Sometimes, those three little words, “God loves you” can seem terribly patronizing. Despite much talk about love and joy, we live in a Christian culture (in the U.S., anyway) that seems to be on a mission to minimize—even eliminate—human value and success.
In misguided, over-corrected attempts at humility, it makes for a very one-sided relationship with God where He does everything and our only part is to get out of His way.
For example, if we increase sales at work, or write fantastic term papers, or run a great Sunday school class, many are quick to say that we have nothing to do with it. Instead, it’s “Christ living in you.” Any other response brings accusations of pride and embezzling God’s glory—except when things go wrong. Then it’s all you. Humanity is thus presented as having little value, rightness, or anything really worth celebrating. How tragic and crippling!
One of the themes that Scripture consistently reaffirms is human value, even when we sin. Jesus’ core mission on Earth was to restore to mankind God’s vision of value and worth. It was so central, in fact, that he planned to give his own life to show us this reality.
You can tell what’s valuable by the way we behave when it’s lost. If you doubt it, just observe what you do when you can’t find your keys or wallet. Jesus used three analogies to convey this very idea. The fact that he stated it three times, three different ways, indicates that he didn’t want anyone to miss his point.
The first is about a lost sheep (Luk. 15:1-7). So valuable is this one sheep of the flock that the owner leaves the other ninety-nine, safely accounted for, to go find it. When he does, he joyfully brings it home on his shoulders and calls his friends and neighbors to a party. “Rejoice with me; I have found my lost sheep!” It’s not that there’s no celebration for the righteous. Rather, it means that even sinners—right down to the last one—are worth a great deal.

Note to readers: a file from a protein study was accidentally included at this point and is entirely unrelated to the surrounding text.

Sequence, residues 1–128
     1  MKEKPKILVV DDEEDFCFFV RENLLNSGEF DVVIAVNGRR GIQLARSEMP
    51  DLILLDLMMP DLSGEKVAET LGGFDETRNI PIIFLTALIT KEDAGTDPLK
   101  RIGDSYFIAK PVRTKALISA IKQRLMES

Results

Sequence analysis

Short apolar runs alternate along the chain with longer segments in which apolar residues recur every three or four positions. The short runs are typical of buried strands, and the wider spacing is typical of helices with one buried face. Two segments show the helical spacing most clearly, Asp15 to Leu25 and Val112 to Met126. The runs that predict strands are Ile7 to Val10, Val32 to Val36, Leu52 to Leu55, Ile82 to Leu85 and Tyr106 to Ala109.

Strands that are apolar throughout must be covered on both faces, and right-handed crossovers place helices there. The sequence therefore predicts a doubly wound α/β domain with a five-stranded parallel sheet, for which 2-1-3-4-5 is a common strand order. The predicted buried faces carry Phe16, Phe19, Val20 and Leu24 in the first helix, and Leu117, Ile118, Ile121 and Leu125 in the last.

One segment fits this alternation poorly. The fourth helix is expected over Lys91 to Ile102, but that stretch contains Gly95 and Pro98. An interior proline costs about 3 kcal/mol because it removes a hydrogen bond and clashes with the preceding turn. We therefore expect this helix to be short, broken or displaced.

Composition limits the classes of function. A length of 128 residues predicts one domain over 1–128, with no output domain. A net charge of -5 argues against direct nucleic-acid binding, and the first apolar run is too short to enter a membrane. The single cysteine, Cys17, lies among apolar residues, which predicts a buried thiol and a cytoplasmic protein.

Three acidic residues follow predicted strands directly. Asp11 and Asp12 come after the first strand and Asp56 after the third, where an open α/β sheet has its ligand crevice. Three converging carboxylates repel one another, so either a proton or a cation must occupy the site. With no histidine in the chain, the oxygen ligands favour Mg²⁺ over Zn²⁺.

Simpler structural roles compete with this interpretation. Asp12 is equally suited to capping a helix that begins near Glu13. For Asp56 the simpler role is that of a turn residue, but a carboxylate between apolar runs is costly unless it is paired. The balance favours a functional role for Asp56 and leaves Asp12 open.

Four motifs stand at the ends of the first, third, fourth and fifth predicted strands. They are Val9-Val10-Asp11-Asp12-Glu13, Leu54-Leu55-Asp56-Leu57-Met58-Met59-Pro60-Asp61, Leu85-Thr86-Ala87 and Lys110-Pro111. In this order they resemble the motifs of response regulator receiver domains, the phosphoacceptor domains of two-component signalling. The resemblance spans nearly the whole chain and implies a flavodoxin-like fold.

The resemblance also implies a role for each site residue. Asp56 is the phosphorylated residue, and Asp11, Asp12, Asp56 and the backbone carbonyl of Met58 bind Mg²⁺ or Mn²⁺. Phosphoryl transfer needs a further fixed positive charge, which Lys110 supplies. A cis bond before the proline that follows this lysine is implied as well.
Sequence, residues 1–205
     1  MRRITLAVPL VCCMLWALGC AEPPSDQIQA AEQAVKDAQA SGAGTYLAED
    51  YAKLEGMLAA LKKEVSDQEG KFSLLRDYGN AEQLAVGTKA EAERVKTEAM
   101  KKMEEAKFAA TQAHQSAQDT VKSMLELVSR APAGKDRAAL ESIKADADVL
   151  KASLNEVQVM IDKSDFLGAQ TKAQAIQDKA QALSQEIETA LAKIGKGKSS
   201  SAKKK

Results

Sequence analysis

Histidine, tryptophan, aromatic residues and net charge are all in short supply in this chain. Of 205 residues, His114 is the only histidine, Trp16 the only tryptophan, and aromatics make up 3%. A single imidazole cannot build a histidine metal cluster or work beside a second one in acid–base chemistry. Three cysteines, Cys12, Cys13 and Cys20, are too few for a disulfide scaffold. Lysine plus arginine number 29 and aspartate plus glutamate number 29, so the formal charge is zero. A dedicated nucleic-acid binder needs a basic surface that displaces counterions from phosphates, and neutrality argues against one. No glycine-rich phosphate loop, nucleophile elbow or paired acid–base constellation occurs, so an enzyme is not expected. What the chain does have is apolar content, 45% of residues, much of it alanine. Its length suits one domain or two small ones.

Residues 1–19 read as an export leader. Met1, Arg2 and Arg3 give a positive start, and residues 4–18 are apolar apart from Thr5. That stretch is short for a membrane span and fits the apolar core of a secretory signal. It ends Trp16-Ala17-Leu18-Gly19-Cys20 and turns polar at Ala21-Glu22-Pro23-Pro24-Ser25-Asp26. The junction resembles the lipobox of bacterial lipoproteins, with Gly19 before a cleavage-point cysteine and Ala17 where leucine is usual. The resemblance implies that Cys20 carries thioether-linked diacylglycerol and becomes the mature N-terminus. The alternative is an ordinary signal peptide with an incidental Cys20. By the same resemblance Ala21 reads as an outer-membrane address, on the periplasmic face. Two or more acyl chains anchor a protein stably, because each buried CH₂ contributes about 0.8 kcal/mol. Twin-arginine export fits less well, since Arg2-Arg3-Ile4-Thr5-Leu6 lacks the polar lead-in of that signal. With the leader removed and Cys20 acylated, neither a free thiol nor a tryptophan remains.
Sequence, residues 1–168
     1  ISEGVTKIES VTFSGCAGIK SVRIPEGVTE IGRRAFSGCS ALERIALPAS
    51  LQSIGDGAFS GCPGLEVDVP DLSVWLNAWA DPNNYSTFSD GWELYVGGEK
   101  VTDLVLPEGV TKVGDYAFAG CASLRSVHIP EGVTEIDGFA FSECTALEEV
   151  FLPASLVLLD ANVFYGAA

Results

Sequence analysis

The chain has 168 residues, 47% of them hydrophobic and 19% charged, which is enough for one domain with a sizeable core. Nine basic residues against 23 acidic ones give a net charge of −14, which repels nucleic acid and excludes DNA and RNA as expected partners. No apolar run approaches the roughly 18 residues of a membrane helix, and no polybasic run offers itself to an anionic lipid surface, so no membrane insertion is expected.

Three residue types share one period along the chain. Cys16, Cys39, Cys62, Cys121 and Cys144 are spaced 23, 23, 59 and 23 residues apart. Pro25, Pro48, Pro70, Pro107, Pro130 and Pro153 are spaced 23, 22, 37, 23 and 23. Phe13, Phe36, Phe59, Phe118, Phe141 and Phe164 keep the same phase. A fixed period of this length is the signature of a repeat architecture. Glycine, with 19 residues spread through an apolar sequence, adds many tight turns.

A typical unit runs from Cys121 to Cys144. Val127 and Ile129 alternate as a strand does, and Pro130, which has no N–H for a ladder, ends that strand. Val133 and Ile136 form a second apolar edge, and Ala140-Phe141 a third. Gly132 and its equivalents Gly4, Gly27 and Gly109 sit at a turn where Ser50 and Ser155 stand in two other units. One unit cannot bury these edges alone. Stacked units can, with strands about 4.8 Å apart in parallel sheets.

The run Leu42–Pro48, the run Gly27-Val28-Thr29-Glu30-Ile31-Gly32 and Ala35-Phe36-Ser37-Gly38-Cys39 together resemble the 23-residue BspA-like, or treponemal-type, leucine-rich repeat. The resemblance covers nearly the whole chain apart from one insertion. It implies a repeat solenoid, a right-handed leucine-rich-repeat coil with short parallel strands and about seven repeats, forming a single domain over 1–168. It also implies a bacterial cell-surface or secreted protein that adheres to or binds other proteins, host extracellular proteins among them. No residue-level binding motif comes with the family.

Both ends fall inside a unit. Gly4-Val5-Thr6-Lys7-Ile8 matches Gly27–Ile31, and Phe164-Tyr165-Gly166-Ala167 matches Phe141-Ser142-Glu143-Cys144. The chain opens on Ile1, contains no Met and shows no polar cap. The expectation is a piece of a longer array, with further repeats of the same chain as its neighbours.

The second is a woman who loses a silver coin (Luk. 15:8-10). She sweeps the entire house, searches every nook and cranny, and doesn’t stop until she finds it. And when she does, she, too, calls her friends and neighbors to a party. “Rejoice with me; I have found my lost coin!”
The third is the famous Prodigal Son (Luk. 15:11-32) who leaves home and squanders his inheritance on every vice imaginable. When he comes to his senses and returns home, the delighted father calls for a feast with the finest fatted calf.
The righteous older brother, of course, resents the whole idea. He angrily refuses to participate and questions his father’s sense of value. Ironically, the father corrects him rather than the wayward son: “We had to celebrate and be glad, because this brother of yours was dead and is alive again; he was lost and is found.” Today’s Christian culture is the poor grumpy brother who can’t get past shame and favoritism.
No one celebrates something they consider worthless. Likewise, treasured value is revealed by the measures taken to restore it. The Lord of the universe could have fulfilled his earthly mission as anything he wanted, but his personal choice was as a fully human being. Even the angels shouted glad tidings of great joy on the night of his physical birth.
“How much more valuable is a man than a sheep!” (Mat. 12:12) “So don’t be afraid; you are worth more than many sparrows.” (Mat. 10:31)
Some will disagree, but I say we have more reason to celebrate and less reason to trash ourselves, neighbors, and God’s gift of humanness. That doesn’t mean that God agrees with everything we say and do, but it does mean that His love is much more than a patronizing platitude. In Jesus’ own words, it’s about life to the max, not life to the minimum!